I suggest you seek the advice of your union on this. It's always been my belief that anyone who takes on a deputy headship needs from day 1 to consider themselves ready to take on the acting headship and possibly for a considerable period of time - what if the head had not been planning to move on but had become seriously ill (or even died? It does happen)? You'd have been expected to pick up the headship immediately then.
    It's entirely wrong for someone to take a deputy headship and then complain they're not ready or willing to act up when required. That's my opinion.
     
  4. anon2799

    anon2799 New commenter

    I agree. The role of the deputy is to deputise. This is the only way it differs from assistant head. By applying for and accepting the role you have declared yourself ready to run the school in the head's absence however long that may be.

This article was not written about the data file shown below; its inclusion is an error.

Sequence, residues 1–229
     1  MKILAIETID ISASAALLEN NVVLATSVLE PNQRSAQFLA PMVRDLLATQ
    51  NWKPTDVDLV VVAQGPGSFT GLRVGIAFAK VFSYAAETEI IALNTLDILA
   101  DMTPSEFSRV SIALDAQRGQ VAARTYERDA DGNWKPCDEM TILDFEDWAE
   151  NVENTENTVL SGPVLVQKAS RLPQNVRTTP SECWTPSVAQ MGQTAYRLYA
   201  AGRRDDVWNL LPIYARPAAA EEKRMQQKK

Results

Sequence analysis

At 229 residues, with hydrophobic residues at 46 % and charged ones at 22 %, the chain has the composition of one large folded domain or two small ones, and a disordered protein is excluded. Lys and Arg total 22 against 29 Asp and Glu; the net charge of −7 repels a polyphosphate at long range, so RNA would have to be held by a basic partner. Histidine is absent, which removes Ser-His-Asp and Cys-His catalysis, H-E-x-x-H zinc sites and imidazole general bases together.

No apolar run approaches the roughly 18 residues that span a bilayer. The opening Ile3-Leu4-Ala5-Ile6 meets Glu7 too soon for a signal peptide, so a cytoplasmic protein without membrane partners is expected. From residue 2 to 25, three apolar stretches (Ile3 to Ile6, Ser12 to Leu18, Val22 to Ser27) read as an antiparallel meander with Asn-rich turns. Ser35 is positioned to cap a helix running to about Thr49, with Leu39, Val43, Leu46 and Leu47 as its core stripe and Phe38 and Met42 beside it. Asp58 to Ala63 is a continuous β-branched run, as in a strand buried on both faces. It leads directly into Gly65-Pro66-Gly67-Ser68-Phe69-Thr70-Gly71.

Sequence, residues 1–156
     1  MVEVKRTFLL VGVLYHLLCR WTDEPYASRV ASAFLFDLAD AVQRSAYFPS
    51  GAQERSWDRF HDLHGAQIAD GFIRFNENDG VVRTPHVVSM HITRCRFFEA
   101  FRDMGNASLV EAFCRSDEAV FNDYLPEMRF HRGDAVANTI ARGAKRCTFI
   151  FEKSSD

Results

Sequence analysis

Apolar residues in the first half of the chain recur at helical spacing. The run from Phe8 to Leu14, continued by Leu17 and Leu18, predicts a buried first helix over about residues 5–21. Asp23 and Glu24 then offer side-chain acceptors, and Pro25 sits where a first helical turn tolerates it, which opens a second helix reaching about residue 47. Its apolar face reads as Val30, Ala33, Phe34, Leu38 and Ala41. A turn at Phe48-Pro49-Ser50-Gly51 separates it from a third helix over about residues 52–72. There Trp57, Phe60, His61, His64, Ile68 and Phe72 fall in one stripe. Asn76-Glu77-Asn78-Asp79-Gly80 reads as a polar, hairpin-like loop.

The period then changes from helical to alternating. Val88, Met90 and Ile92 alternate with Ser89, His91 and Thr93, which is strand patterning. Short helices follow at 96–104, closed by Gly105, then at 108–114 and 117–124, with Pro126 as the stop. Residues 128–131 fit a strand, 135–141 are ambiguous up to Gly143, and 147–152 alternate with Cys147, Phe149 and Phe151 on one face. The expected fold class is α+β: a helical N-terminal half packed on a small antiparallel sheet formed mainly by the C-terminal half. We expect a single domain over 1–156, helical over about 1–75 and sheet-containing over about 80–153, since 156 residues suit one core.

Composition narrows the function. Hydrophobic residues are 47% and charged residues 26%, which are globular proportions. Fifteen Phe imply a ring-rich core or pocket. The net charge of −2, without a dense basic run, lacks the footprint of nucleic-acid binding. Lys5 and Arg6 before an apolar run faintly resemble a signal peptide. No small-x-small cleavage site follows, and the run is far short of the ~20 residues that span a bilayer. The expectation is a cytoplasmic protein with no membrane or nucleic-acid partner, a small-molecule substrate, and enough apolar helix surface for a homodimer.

I've known a few deputies who've found themselves in this position only a few weeks into their first deputy headship.
    The only person I've ever come across who didn't "step up" was 7 months pregnant- for the sake of stability the LA drafted in an acting head.
     
  5. I completely see your points, I've always held that view. I think the main point of my post was to have a (slightly wine-induced) moan about the situation. I am a little bitter, but I understand the responsibilities of my post and I also care very much about the school. I'm feeling a bit used if I'm honest and I have noone in real life I can really vent with. I can and will step up, as I could in the case of long term illness, I just don't want to ideally. Along with how the issue has been handled it'll take a while to build back up a positive relationship with the Governors, but I really need to assert myself about hearing news first and not second hand regarding the future of the HT post!